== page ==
Messages:
    97
    Likes Received:
    58
    Location:
    glaciated Ohio
    Thank you Cruz! For the info.
     
  4. Jul 2, 2019 #4

    Cruzatte

    Cruzatte

    Cruzatte

    50 Cal.

    Joined:
    May 13, 2005
    Messages:
    1,302
    Likes Received:
    70
    Location:
    Lawrence, KS
    Happy to be of service.
     
    NW Territory Woodsman likes this.
  5. Jul 4, 2019 #5

    NW Territory Woodsman

    NW Territory Woodsman

    NW Territory Woodsman

    36 Cl.

    Joined:
    Jan 31, 2019
    Messages:
    97
    Likes Received:
    58
    Location:
    glaciated Ohio
    Would a gage de mor be appropriate for someone in the ohio country in 1803? I dont see why not if they existed then, sence there were still some french trappers/traders during that time.
     
  6. Jul 5, 2019 #6

    Cruzatte

    Cruzatte

    Cruzatte

    50 Cal.

    Joined:
    May 13, 2005
    Messages:
    1,302
    Likes Received:
    70
    Location:
    Lawrence, KS
    Well.....it all depends. It depends upon your ethnic impersonation. Are you impersonating a French Canadian working for the Northwest or Hudson's Bay Co.? Or, are you an American settler?

    To answer your question with more certainty, it would be a good idea to consult period illustrations, paintings, journals, etc. Mixing and matching at will may cause confusion as to what it is you're trying to do.

    On the other hand.....if you aren't particular about living history and re-enacting, then do whatever you want. If you smoke a clay pipe around the campfire, a gauge d'amour can be a handy addition to your outfit. Personally, I find they just get in the way most of the time.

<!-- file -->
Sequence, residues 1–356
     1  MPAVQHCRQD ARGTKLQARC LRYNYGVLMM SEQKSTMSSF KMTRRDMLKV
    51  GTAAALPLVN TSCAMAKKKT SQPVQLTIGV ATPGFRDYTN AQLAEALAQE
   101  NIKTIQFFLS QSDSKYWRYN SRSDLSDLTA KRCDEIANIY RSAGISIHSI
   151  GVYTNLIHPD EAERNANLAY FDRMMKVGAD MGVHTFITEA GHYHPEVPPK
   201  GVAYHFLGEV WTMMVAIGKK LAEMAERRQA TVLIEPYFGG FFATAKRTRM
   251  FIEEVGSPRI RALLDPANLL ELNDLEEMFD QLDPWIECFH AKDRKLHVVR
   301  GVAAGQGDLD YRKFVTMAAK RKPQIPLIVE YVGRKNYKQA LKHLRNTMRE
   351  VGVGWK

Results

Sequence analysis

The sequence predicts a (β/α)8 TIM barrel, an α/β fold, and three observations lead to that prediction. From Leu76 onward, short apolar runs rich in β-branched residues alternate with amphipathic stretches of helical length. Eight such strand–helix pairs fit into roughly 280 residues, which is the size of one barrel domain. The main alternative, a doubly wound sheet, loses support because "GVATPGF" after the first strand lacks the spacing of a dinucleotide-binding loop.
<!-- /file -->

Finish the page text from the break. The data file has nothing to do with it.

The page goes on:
NW Territory Woodsman likes this.
  7. Jul 5, 2019 #7

    Grenadier1758

    Grenadier1758

    Grenadier1758

    58 Cal.

    Joined:
    Oct 9, 2004
    Messages:
    3,250
    Likes Received:
    373
    Location:
    St. Louis, MO
    I have a copy of the book "Karl Bodmer's America" which is the "photo album that Prince Maximilian of Wied-Neuwied commissioned Karl Bodmer to paint during the journey to America in 1832 through 1834. There are relatively few paintings and sketches of settlers on the Mississippi, Ohio. There are a lot of paintings of the tribes of the west. I will put a few of the paintings of the settlers. We can see that there is a great change in style from the 1800's. The men are wearing breeches to the ankle. Top hats are very common. Frock coats are long and waistcoats are short. I do like the picture of the naturalist, Charles Alexandre Lesueur, that was painted in the fall of 1832 near New Harmony, Indiana.

    IMG_0466.JPG
    Lesueur is carrying and interesting pouch. His pants are long, He is wearing a straw hat and his firearm has an attached sling.

    The other hunter, Russel, also from New Harmony was painted in February 1832. He too is wearing long breeches. He is apparently wearing (tied) shoes. He has a pouch and a fairly large horn to supply powder for his long barreled rifle.
    IMG_0462.JPG
    Civilization was coming to the frontier. The next painting done in New Mexico, Tennessee near Memphis in 1833, shows a few gentlemen in a substantial town. All wearing top hats, long breeches and long frock coats.
    IMG_0467.JPG IMG_0468.JPG
    There is one portrait of a Choctaw that was painted at about the same time before the tour traveled to the west to the great plains.
    IMG_0463.JPG
    Here we see the influence of the European styled clothes in the shirt and waistcoat, However he isn't giving up his turban, leggings, moccasins and woven sashes.
     

Share This Page

arrow_white